Monday, 1 December 2014

Book #51

Frankenstein by Mary Shelley

Frankenstein tells the story of committed science student Victor Frankenstein. Obsessed with discovering the cause of generation and life and bestowing animation upon lifeless matter, Frankenstein assembles a human being from stolen body parts but; upon bringing it to life, he recoils in horror at the creature's hideousness. Tormented by isolation and loneliness, the once-innocent creature turns to evil and unleashes a campaign of murderous revenge against his creator.

Classic horrors have never really been my thing. Having now read Frankenstein for the first time (!) I think more classic horrors will be in the pipeline for me. I wasn't expecting this work to be so beautiful, so breathtaking, and so totally contrasting to my previous perceptions and assumptions surrounding the story. Hollywood has a lot to answer for.

As soon as Frankenstein brings his monster to life, he is immediately repulsed at the sight of him, and by what he's done. The monster is orphaned, and left to make sense of the world on his own. He seeks love and friendship, but finds only hatred. Every single human who comes across the monster rejects him, and his own creator was too disgusted to look at him, Shelley made it so easy to understand his woes, his frustrations, and most of all, his need for companionship. The monster must be one of the greatest literary outcasts ever written - I believe every misunderstood character since will have something in common with him. 

Shelley's writing is incredibly impressive when we consider the character of Frankenstein. At the beginning of the novel, he is easy to respect. He has huge dreams of unlocking the secrets of science, and it seems no one will stand in his way to do so. After the birth of the monster, he becomes an abhorrent character; we see him slowly lose both his mind and his humanity as he comes to terms with the consequences of his actions. His lack of compassion is disgusting, and although I should have hated him, Shelley wouldn't let me. Her writing totally conveyed his position, his reasons for his behaviour, and his deep regrets. So although Frankenstein is the true monster, we are led to sympathise with his plight as he becomes more isolated, and more akin to his creation.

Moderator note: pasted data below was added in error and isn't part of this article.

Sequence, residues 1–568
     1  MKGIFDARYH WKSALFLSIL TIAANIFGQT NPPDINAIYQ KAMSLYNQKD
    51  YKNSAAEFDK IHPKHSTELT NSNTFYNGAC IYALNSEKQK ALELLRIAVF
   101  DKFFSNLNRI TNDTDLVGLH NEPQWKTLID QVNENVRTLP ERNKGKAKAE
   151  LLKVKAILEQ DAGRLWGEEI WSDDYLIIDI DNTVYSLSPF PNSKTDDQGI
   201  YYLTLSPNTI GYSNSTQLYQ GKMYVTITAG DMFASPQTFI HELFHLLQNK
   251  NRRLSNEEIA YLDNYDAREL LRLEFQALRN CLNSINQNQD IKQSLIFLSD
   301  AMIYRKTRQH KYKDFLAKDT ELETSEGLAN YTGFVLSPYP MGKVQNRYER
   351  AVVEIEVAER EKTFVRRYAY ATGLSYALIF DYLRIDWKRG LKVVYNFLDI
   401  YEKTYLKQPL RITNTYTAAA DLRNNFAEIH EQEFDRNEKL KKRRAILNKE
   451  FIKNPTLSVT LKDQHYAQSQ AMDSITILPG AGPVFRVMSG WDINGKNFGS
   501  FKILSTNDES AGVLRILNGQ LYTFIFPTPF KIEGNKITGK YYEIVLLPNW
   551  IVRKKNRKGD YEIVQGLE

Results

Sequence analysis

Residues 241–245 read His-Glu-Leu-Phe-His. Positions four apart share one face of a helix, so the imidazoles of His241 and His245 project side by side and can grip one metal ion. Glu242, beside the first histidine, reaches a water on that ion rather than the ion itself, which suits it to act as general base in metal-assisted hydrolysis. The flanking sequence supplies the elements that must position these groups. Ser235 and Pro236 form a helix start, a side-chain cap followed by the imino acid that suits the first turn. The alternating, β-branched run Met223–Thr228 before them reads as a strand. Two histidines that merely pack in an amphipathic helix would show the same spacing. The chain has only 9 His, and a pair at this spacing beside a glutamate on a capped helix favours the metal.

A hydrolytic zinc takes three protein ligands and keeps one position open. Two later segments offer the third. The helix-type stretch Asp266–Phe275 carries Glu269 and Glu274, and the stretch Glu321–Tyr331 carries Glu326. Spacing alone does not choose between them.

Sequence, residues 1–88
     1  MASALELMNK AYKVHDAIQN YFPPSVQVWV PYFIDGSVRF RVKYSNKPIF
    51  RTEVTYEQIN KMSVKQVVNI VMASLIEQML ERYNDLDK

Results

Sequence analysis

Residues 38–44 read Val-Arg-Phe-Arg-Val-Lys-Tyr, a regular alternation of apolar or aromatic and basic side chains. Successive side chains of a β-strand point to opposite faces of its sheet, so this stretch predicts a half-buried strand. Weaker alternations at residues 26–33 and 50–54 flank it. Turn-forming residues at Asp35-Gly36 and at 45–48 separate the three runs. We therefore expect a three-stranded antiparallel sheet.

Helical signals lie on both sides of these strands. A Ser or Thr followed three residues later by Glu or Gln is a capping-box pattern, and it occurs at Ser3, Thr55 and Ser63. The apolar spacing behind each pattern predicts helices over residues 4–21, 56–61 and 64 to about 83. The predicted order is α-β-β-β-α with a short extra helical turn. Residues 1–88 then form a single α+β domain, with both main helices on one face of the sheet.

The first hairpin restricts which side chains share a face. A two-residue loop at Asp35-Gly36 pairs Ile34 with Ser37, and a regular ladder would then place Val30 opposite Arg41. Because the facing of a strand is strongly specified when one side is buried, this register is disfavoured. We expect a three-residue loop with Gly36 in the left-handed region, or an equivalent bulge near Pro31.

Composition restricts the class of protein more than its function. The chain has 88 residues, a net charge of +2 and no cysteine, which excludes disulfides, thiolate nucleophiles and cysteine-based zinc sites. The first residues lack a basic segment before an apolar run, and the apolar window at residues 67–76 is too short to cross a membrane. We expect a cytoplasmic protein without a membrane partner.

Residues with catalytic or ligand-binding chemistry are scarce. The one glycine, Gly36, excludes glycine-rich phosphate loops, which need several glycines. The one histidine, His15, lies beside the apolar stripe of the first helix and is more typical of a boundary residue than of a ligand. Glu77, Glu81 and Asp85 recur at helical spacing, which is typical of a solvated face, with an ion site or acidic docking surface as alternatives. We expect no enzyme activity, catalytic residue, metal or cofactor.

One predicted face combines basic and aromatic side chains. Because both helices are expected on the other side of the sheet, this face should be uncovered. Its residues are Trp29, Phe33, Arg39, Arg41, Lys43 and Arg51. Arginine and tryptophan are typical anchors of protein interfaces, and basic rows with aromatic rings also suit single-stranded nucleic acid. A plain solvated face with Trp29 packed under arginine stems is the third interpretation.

Let's debunk some Hollywood myths. Firstly, the monster teaches himself to read, write, and speak. And not in a fragmented, learning a foreign language way. He is potentially the most articulate character in the novel, and most definitely more eloquent than you or I. Hollywood either shows him as entirely mute, or only capable of a series of grunts. This lack of human communication will straight away convey the sense of the monster being a different species, and our trust in him will sink. Shelley, however, portrays him as entirely human, except in appearance. We sympathise with him, he can express his feelings and thoughts, and in doing so allows us to understand that his rejection is what leads to his murderous capabilities. Without launching into a nature vs. nurture debate, I'm sure things could've ended up just lovely if the monster had been loved by his creator.

Myth two! There is no strike of lightning which brings the monster to life. It wasn't even a dark and stormy night. Electricity is not the secret to bringing sewn together limbs into being. Shelley, very tastefully, never reveals the key to life Frankenstein discovered. This made the whole thing so much more majestic, as readers would have scoffed at anything else. The film version gives us the whole thunder, lightning, evil laugh, and scary music. I know what I'd prefer.

Thirdly - he's not green, he doesn't have bolts in his neck, and he doesn't live in a big castle. I'm amazed at just how much a story (not just a story - a masterpiece) can be distorted by media.

This isn't a horror that will terrify you, or have you up all night expecting an amalgamation of human limbs to knock on your window. The horror here is the danger of playing God, the human instinct to judge upon sight, and most of all, the horror of being alone. I cannot recommend this novel enough, it's so beautifully human, provocative and a true treasure.

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